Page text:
The plea process is an essential component of the criminal justice system. Essentially, it is an agreement between a criminal defense attorney and the prosecution to resolve a criminal case and ends with a defendant pleading guilty or nolo contendre (no contest) in exchange for a reduced sentence or to a lesser charge. A plea of nolo contendre is a guilty plea. Its effect is in civil cases where a victim may elect to sue the defendant for civil damages by not allowing the plea in the criminal case to be evidence of an admission of guilt to the underlying charge.
About 90% of all criminal cases end in a plea agreement. The ones that do go to trial are usually in matters where one side will not accept a plea offer if one is offered and/or the defense believes that the prosecutor cannot prove its case.
People are arrested and charged with crimes every day, putting tremendous stress on the court system, jails and prisons. To resolve the tremendous number of cases, a prosecutor and defense attorney may agree to a sentence reduction or a charge reduction.
In a plea bargain, the prosecution may agree to:
- Reduce the number of criminal counts in a complaint
- Reduce the charge from a felony to a misdemeanor or misdemeanor to an infraction
- A plea to set charges in exchange for not adding other charges
- An agreement to reduce the sentence based on the defendants’s lack of a record or weakness of the evidence
- A plea to a set of charges in return for a reduced or alternative sentence in exchange for information or to testify against other defendants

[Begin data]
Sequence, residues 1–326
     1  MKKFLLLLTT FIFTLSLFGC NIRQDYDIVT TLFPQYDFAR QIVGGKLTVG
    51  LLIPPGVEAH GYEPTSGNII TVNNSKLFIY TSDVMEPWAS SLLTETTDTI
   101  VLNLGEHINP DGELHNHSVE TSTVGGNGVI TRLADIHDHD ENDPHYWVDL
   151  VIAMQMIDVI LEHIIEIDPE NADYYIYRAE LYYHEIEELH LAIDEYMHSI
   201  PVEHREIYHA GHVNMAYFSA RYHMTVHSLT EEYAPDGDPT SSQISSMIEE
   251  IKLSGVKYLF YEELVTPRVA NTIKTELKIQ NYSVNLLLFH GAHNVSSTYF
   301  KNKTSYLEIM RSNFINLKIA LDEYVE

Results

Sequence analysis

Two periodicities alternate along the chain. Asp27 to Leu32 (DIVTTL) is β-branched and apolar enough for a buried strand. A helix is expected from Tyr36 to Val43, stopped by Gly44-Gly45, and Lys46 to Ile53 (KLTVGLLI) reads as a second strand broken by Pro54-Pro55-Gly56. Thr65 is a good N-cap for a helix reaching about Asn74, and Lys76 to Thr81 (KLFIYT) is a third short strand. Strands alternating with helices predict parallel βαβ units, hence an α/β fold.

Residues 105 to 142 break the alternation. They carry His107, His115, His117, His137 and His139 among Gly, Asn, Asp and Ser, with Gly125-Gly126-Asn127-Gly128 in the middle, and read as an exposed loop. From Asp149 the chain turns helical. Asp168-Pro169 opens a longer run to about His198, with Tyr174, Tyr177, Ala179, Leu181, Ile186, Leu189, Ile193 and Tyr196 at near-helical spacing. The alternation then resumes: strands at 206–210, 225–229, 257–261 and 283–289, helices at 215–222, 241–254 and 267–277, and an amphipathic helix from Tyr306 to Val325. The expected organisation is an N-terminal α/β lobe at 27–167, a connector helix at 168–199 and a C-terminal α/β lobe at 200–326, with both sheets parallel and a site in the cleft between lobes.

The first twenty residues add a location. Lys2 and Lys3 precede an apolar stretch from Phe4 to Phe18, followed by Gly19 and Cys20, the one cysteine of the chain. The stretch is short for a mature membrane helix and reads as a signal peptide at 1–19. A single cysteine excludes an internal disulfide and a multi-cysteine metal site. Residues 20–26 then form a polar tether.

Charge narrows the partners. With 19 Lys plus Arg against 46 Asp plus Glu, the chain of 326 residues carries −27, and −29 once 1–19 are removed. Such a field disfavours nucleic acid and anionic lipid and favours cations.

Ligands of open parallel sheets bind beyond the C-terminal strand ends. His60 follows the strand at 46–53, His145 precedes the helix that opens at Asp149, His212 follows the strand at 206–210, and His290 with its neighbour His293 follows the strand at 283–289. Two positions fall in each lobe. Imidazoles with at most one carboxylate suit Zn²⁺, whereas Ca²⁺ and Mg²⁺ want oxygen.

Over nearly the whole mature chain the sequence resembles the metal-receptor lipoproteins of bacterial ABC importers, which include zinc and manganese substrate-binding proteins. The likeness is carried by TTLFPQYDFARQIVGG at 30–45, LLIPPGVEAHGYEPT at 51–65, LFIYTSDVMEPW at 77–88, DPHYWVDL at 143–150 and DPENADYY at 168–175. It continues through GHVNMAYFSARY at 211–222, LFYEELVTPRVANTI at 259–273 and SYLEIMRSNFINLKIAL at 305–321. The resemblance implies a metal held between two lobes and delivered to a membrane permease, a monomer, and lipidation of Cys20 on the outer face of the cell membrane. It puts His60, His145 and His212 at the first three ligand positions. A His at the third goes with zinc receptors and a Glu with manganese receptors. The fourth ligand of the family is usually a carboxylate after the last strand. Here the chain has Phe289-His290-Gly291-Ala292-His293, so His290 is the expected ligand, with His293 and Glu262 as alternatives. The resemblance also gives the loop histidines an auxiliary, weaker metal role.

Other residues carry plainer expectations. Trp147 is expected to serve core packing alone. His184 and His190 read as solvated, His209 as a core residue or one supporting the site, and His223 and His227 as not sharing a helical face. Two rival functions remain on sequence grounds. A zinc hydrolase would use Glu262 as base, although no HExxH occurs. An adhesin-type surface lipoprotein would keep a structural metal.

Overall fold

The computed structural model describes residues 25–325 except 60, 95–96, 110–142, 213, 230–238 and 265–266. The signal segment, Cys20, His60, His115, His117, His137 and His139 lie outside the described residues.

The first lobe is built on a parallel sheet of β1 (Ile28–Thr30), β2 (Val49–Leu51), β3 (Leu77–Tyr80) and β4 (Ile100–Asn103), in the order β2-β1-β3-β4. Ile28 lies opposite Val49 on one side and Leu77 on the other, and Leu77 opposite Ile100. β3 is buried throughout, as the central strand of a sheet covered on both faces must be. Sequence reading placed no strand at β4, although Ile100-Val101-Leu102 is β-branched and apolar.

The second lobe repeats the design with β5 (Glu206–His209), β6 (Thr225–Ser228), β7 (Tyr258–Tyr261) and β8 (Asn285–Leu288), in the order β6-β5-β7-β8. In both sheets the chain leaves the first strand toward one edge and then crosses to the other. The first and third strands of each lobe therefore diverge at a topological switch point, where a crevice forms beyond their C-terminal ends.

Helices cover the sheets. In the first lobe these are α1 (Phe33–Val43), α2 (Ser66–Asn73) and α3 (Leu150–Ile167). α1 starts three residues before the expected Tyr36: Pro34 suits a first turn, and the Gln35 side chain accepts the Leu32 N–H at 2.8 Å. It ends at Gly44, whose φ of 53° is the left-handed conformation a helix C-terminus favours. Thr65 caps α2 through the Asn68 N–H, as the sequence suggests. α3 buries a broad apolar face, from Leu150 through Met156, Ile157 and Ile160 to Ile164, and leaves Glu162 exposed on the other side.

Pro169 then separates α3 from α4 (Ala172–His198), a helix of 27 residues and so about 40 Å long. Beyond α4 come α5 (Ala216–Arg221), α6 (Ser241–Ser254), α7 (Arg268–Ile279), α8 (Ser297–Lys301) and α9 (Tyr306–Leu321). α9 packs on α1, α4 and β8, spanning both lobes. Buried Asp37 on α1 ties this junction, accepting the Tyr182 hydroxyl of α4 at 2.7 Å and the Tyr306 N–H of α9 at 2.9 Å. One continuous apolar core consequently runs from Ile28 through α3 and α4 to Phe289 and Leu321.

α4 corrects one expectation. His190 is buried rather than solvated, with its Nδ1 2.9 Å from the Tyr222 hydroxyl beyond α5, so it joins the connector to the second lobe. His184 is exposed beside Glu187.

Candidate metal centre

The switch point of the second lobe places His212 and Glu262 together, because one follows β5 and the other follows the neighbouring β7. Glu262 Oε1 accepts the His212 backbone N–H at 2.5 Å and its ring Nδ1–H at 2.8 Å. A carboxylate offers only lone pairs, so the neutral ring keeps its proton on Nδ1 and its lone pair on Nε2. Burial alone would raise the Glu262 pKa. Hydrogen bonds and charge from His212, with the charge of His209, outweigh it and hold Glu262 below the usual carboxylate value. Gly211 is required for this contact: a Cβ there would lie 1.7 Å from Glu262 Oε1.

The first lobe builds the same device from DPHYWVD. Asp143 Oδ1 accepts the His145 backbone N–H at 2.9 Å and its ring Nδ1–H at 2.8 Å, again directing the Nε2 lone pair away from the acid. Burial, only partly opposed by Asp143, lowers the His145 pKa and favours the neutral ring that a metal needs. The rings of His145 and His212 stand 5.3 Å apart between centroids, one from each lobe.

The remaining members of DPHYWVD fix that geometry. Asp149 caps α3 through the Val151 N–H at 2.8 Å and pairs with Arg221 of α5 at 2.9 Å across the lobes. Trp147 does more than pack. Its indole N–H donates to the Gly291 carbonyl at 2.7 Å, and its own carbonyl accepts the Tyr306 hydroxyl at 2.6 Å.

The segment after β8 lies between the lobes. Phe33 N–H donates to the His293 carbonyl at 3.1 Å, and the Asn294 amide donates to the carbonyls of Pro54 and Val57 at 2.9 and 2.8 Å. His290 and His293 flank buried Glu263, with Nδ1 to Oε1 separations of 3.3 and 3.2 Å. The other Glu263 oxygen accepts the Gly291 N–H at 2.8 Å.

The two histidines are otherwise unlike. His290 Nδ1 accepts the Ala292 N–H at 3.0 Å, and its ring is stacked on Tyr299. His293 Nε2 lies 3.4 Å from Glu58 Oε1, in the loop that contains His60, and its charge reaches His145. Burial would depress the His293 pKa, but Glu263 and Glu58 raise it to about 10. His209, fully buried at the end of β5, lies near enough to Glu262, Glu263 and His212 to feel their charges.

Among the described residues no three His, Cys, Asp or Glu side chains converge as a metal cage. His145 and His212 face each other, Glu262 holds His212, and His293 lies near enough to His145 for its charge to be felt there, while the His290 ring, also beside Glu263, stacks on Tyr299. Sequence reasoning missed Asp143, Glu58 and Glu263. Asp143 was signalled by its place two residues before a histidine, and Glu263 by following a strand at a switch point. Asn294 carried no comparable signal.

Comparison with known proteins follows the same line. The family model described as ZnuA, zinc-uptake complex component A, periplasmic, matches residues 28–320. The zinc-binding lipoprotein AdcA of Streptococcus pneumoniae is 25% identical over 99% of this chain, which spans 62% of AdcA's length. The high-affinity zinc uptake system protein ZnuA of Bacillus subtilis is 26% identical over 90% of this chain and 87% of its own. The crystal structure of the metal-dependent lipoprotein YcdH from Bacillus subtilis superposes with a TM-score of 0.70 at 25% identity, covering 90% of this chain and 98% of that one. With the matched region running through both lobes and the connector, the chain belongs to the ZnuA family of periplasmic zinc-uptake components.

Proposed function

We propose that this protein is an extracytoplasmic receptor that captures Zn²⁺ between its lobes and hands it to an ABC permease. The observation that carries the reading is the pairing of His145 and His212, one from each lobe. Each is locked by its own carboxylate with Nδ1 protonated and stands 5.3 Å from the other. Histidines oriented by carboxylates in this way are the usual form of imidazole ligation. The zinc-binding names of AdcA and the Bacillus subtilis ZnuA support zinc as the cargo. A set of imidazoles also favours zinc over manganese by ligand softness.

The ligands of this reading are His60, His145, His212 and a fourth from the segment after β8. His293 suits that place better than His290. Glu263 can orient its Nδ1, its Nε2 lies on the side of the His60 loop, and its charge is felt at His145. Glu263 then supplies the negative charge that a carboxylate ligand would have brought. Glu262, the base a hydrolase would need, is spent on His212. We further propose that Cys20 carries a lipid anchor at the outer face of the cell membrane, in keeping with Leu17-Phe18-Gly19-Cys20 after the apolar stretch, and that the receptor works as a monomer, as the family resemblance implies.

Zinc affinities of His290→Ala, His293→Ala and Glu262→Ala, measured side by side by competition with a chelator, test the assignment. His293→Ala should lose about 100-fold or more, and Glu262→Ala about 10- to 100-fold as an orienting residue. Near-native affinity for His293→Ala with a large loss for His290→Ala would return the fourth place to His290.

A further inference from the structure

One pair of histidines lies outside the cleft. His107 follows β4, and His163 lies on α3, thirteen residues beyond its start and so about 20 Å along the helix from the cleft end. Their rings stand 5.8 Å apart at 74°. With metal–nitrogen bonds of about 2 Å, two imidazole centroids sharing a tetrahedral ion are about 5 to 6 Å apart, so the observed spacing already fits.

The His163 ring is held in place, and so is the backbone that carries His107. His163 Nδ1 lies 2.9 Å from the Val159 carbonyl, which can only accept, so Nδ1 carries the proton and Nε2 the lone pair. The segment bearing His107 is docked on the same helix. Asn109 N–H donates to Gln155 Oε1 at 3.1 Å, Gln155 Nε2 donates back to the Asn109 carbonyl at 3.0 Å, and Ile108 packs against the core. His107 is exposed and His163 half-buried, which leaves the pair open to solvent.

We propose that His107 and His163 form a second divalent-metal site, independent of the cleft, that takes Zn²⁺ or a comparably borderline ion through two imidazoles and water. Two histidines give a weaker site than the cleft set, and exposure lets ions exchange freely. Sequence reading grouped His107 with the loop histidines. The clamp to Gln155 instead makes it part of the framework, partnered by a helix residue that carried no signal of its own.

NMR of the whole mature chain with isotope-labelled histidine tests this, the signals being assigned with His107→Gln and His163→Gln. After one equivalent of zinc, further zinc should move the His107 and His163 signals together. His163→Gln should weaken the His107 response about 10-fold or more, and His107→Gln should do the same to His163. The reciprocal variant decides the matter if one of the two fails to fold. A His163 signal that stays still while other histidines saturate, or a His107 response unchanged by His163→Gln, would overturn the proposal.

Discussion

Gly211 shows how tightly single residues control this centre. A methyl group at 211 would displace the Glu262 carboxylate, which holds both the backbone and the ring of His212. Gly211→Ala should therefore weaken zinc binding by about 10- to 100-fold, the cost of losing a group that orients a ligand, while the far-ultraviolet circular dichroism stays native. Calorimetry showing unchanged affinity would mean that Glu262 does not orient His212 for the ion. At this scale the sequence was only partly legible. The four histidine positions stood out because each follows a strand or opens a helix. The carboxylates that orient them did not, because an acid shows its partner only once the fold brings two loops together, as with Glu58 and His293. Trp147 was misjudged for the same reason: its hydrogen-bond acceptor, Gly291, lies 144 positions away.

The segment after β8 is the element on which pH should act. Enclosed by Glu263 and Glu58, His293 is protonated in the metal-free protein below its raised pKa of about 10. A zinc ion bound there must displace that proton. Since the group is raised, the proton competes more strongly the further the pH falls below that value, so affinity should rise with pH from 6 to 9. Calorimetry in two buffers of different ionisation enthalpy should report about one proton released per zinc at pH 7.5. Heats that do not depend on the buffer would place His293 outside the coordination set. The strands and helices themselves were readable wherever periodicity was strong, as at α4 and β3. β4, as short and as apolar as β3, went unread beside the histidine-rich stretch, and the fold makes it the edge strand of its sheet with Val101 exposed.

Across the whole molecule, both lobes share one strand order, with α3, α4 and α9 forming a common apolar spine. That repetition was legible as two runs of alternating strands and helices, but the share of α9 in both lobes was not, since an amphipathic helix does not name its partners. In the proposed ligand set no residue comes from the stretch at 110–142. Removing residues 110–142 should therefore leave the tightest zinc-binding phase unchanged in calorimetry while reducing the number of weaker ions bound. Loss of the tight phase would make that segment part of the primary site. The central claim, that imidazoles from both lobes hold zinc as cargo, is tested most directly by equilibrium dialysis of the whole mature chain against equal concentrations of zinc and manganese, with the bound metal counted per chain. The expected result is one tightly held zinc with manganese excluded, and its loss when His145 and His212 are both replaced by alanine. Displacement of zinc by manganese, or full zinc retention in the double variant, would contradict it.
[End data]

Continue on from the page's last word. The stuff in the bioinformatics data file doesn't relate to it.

On the other hand, most defendants are motivated to resolve their matters quickly and satisfactorily, depending on the strength of the evidence against them and if facing prolonged incarceration. A defendant is generally motivated by avoiding:
- A likely harsher punishment if a plea agreement is not accepted and the defendant is convicted at trial
- The expense of a trial
Even in a case where the evidence appears weak, the matter can unexpectedly turn against a defendant especially if other witnesses come forth or incriminating evidence is found or the prosecution decides that additional charges will be added based on new evidence. Likewise, a prosecution witness can turn out to be discredited, non-cooperative or disappears, or a motion to suppress evidence is granted to the defense, turning a strong case into an uncertain one and prompting a plea offer.
Avoiding incarceration is a prime motivator for many defendants. Alternatives to jail or prison can include community service, deferred judgment, participation in court-approved drug, alcohol or other treatment programs and home monitoring.
Most plea agreements in misdemeanor cases are worked out at the pretrial conference with some resolved at the arraignment. In felony cases where plea bargains are permitted, the prosecution and defense can arrive at an agreement at any stage of the criminal proceedings, including during or after a trial but before a jury arrives at a verdict.
If there is a hung jury or one where a jury is divided on a verdict, the parties will typically resolve the matter in lieu of retrying the case.
Judges get involved in the plea process as well. By meeting in chambers with the prosecution and defense attorneys who may be entrenched in their positions, the judge will generally assess the evidence against you and whatever defenses are available. A judge will also weigh any offers made by the state and what you are willing to accept.
Judges can present what they feel is a good offer based on the current evidence and may offer an insight into how they may rule on the admissibility of contested evidence in an effort to persuade the sides to come together. Also, a plea agreement usually must be approved by the court, although it is rare that a judge rejects one.